Active children more likely to argue

May 7, 2012

(Medical Xpress) -- Preschool children who are more physically active are more likely to show behavioural problems, a study has found.

The study, published in , found that increased risk-oriented physical activity, in four -and five-year-olds, such as bike-riding could lead to behaviours including tantrums, disobedience, bullying and arguing with adults.

Monash University researchers, led by Dr Mong-Lin Yu from the Department of Occupational Therapy, examined the way almost 5000 pre-schoolers spent their time using the Longitudinal Study of Australian Children data.

The study also observed Australian children who spend more time alone with adults, and less time playing with peers under supervision, are more likely to exhibit behavioural issues.

Dr Yu said bike riding should be encouraged, but parents should look for including risky riding and riding for excitement seeking.

"Bike riding is a beneficial activity for young children, but it can be detrimental to their behavioural development if they ride bikes without adequate parental support," Dr Yu said.

The purpose of the study was to determine if children at risk of developing have different compared to those not at risk.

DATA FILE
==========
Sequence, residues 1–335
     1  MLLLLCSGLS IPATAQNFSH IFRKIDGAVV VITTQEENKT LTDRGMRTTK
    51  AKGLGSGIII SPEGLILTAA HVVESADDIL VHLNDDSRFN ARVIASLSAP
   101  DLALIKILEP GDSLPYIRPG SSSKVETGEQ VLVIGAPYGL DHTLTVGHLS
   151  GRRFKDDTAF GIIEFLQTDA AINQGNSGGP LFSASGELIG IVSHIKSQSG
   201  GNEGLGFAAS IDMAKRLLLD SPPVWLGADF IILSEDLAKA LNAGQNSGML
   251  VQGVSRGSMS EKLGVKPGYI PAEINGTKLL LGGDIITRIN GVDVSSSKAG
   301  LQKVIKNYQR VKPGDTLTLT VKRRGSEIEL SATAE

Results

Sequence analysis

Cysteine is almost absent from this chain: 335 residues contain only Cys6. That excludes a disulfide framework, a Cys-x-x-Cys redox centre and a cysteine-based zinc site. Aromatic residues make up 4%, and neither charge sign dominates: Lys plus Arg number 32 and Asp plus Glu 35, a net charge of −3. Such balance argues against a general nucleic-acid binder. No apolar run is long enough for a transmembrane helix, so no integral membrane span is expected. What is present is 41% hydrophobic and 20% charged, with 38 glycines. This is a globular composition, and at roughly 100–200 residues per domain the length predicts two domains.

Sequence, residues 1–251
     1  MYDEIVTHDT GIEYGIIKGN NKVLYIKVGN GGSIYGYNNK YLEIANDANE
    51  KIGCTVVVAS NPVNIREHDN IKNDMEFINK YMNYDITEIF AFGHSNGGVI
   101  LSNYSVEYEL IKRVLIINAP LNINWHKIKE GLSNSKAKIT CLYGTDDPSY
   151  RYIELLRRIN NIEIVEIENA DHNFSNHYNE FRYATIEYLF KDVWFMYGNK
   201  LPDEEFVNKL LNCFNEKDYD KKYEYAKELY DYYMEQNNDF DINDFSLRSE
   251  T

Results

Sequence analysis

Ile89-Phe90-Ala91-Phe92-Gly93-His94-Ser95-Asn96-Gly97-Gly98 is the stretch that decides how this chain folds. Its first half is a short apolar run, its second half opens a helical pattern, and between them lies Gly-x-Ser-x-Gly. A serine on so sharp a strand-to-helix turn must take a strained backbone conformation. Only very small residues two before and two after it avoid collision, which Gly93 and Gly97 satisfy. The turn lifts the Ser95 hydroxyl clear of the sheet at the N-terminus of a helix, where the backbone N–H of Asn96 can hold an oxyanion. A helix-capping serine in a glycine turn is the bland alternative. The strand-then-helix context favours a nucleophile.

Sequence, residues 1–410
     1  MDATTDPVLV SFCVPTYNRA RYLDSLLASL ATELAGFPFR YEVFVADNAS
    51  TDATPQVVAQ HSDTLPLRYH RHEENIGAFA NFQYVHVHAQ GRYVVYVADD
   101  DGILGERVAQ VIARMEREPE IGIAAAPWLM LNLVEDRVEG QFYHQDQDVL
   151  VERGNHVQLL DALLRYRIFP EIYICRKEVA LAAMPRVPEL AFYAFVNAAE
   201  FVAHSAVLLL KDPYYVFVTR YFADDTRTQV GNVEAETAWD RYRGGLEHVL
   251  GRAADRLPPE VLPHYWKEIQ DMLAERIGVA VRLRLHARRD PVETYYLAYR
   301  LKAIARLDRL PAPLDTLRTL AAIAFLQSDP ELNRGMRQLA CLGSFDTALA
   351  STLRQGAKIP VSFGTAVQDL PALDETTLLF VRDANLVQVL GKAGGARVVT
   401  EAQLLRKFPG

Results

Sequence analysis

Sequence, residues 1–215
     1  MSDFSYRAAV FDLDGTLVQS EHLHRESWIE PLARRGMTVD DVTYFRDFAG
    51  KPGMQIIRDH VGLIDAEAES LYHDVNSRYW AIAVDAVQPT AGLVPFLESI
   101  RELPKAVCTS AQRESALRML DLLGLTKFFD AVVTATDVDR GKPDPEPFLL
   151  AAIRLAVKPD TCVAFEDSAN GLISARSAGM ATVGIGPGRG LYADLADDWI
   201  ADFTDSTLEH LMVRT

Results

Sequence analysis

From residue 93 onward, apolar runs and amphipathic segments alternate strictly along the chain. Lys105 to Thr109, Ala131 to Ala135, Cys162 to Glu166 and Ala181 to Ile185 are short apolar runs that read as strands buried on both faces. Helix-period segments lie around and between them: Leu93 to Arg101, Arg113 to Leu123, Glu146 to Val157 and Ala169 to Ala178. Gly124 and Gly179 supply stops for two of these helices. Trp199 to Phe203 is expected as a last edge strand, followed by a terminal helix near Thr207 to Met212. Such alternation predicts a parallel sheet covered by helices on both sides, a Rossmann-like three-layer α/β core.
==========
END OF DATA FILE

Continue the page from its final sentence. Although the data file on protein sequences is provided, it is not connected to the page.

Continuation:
Specific aspects of time-use, which concern involvement in activities that provide , structure, rest and social engagemen,t were examined.

Gender differences were also found in the same activities, with boys participating in more ‘‘bike riding’’ and activities ‘‘without peers under adult supervision’’ than girls.

Explore further: Kids with Down syndrome who bike ride are less sedentary overall

Related Stories

Recommended for you

Social status of listener alters our voice

June 29, 2017

People tend to change the pitch of their voice depending on who they are talking to, and how dominant they feel, a study by the University of Stirling has found.

Now or later: How taste and sound affect when you buy

June 28, 2017

There's a reason marketers make appeals to our senses; the "snap, crackle and pop" of Rice Krispies makes us want to buy the cereal and eat it. But as savvy as marketers are, they may be missing a key ingredient in their ...

0 comments

Please sign in to add a comment. Registration is free, and takes less than a minute. Read more

Click here to reset your password.
Sign in to get notified via email when new comments are made.